Energy consumption increased and flattened
Between 1995 and 2010 the energy consumption of the entire Information and Communication (ICT) sector is roughly estimated to have increased three times. However, it has been shown that, over the period 2010 to 2015, the energy consumption of ICT has remained at about the same level, despite a continuing growth in subscriptions and an exponential increase in data traffic.
This ICT sector footprint includes life cycle emissions from all user devices, access networks, data centers and operating activities of the sector. Later development is under investigation; so far, no major trend shift has been identified. In total, between 1995 and 2015 the number of users increased approximately tenfold, and data traffic increased by a factor of one million.
For ICT the life cycle carbon footprint is strongly correlated with electricity consumption and the supply of energy. According to our latest research the ICT sector accounts for about 1.4% of overall global greenhouse gas (GHG) emissions.
Projections of ICT’s future emissions vary
The connection between data traffic and energy consumption has been debated over the years. Several projections have been published. In retrospect, many projections, including our own, have turned out to overestimate the future energy consumption and carbon footprint of ICT.
Based on measured data and detailed sector knowledge, our detailed 2018 study estimates the ICT sector carbon footprint to be about 730 Mt CO2-equivalents (CO2-eq) for 2015. This is well below previous projections, indicating that the sector is hard to model without the use of detailed measured data. Forecasts need to be based on detailed assessments of the different contributions and understanding of the sector’s development rather than on intensity metrics, which have been shown to change rapidly.
Footprint scales with subscriptions not data
Over the years, global data traffic has increased exponentially. Several earlier projections have assumed the carbon footprint of the ICT sector to increase in line with the exponential increase in data traffic. Looking at the historical footprints, this has been shown not to be the case. Instead, the ICT carbon footprint has been shown to depend to a much greater extent on the number of subscriptions.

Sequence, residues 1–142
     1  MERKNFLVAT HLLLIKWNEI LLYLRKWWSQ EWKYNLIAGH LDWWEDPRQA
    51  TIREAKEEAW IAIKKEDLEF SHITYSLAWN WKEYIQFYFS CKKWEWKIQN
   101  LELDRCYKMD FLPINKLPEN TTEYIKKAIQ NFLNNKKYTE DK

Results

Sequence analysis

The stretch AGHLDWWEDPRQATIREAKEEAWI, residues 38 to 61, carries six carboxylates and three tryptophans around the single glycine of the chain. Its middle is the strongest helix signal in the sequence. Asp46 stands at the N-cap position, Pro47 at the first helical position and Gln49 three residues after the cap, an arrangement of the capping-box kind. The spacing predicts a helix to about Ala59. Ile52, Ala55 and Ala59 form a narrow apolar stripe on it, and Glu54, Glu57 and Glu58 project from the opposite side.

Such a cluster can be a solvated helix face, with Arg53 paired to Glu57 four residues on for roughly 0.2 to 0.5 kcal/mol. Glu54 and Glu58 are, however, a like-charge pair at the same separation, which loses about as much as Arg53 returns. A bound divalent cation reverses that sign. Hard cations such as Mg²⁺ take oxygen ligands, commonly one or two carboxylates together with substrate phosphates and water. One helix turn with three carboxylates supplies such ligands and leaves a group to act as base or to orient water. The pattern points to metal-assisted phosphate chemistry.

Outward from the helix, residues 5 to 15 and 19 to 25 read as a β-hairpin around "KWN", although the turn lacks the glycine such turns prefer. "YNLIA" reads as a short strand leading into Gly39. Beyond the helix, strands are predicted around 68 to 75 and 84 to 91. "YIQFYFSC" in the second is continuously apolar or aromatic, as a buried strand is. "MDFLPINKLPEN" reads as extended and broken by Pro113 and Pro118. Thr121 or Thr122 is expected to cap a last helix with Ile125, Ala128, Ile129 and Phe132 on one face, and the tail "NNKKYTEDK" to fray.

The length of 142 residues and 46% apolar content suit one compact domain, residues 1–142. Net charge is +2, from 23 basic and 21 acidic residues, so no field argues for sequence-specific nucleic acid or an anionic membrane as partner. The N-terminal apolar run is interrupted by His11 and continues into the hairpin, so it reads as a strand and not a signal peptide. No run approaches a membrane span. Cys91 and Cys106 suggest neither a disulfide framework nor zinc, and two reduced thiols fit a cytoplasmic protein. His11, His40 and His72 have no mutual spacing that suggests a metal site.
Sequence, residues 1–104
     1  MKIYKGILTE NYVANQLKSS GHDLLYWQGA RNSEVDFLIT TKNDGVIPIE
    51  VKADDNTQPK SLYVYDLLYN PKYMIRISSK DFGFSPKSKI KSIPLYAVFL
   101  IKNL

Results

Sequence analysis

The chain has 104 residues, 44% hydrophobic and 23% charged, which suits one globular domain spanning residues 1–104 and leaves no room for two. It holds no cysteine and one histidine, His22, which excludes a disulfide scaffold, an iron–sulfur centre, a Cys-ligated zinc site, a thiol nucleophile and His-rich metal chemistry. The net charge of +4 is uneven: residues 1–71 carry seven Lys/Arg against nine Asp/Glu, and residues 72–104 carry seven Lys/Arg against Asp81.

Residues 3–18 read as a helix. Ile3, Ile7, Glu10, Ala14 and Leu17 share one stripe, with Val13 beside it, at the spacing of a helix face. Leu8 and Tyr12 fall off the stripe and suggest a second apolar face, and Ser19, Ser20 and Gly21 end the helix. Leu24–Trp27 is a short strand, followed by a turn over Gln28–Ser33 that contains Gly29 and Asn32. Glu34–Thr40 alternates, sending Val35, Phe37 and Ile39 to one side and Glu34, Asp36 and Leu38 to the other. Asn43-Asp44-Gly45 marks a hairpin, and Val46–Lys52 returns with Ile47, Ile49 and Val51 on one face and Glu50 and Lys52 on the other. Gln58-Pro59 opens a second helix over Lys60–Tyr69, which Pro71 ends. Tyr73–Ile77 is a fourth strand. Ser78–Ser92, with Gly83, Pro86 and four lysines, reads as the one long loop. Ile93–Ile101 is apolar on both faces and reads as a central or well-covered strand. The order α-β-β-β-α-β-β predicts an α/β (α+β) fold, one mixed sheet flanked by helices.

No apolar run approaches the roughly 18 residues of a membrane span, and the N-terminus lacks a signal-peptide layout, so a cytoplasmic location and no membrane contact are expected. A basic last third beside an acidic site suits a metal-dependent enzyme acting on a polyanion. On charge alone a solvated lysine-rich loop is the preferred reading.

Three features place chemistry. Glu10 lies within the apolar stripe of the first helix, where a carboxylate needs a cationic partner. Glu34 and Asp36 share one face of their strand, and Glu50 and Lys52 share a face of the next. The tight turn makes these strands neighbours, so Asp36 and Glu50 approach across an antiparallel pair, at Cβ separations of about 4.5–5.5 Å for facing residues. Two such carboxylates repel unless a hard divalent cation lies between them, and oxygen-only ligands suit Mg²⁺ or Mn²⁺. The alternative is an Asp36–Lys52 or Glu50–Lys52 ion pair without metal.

Up to 2010 the number of subscriptions grew rapidly, but in recent years growth has started to decline, though still continuing. The carbon footprint per user has been flattening out since 2010, due to a decrease for an average fixed user and a slight increase for an average mobile user. The trends towards larger smartphones and increasing smartphone use for media and entertainment activities are important drivers behind this development.
For 2015, the carbon footprint for an average ICT subscription was about 81 kg CO2-eq. This should be compared to the global average total emissions of about 7000 kg CO2-eq per person.
The impact for each gigabyte of data is steadily decreasing. For 2015, it was calculated to be about 0.8 kg CO2-eq per GB data, a decrease from 3 kg CO2-eq/GB in 2010. This trend is believed to continue due to more efficient networks outweighing the ever-growing increase in data traffic, driven mainly by increased consumption of videos.
ICT mature countries may indicate future
Studies on Sweden, rated among the most ICT-mature countries in the world, show a decreasing carbon footprint and energy consumption for the ICT sector.
Similar decreasing energy trends have been reported for Germany and the US. Thus, current data seems to indicate that footprints of ICT will not continue to grow once a certain level of ICT maturity has been reached.
Continued industry-focus on energy efficiency in all stages coupled with use of renewables helps maintain the decreasing trend of the ICT footprint. This is despite growth in subscriptions, as more people get connected and the Internet of Things (IoT) expands.